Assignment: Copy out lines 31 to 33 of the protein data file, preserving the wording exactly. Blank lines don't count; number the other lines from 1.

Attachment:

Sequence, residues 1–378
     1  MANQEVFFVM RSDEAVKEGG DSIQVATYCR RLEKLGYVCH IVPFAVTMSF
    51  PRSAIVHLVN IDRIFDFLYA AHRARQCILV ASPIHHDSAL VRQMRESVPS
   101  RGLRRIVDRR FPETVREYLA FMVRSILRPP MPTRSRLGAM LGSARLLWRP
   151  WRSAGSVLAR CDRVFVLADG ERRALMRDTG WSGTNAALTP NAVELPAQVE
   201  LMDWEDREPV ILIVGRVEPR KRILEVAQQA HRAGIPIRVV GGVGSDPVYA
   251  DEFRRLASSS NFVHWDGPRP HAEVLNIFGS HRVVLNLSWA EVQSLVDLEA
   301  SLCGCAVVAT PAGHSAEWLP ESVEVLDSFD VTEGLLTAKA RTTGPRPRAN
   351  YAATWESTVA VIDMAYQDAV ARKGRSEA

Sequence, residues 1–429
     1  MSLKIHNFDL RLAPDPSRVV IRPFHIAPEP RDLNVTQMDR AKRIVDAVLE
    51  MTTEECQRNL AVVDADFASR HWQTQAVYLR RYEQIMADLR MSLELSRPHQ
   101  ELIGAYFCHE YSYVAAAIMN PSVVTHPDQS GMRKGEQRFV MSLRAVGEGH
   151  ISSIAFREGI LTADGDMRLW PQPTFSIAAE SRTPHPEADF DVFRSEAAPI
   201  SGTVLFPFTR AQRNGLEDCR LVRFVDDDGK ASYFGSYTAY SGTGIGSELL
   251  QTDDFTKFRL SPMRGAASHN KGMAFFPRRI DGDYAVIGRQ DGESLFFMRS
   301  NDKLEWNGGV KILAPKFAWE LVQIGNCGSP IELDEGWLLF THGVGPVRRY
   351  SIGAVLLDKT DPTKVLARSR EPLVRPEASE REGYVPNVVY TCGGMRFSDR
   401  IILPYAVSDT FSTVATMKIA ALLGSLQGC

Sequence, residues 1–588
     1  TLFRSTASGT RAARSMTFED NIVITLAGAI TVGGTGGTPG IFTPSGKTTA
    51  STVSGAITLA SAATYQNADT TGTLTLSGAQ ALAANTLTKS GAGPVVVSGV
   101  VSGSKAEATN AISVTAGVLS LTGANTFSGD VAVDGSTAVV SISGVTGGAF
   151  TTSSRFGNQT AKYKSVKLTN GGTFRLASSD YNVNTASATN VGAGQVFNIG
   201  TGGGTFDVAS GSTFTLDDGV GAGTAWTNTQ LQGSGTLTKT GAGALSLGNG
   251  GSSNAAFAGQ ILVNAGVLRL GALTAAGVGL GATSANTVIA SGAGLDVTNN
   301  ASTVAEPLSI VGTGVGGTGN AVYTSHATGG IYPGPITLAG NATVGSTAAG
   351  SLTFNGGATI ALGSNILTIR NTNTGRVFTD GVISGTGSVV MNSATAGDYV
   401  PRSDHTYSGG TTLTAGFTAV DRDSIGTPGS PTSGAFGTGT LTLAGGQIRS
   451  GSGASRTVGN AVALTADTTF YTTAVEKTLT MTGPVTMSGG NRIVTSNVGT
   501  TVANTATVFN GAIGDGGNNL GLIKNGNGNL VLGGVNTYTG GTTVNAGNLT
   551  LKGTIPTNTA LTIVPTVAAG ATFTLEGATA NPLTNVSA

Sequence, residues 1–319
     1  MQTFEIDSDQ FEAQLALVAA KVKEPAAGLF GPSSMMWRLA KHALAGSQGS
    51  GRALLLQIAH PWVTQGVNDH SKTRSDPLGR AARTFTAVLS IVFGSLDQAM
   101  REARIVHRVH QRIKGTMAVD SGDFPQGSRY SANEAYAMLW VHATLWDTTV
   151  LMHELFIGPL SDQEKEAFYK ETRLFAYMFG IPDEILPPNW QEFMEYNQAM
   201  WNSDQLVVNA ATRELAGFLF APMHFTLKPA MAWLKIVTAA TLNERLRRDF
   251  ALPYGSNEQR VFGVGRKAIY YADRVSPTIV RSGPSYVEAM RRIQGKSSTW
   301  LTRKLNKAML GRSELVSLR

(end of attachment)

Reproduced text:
   501  TVANTATVFN GAIGDGGNNL GLIKNGNGNL VLGGVNTYTG GTTVNAGNLT
   551  LKGTIPTNTA LTIVPTVAAG ATFTLEGATA NPLTNVSA

Sequence, residues 1–319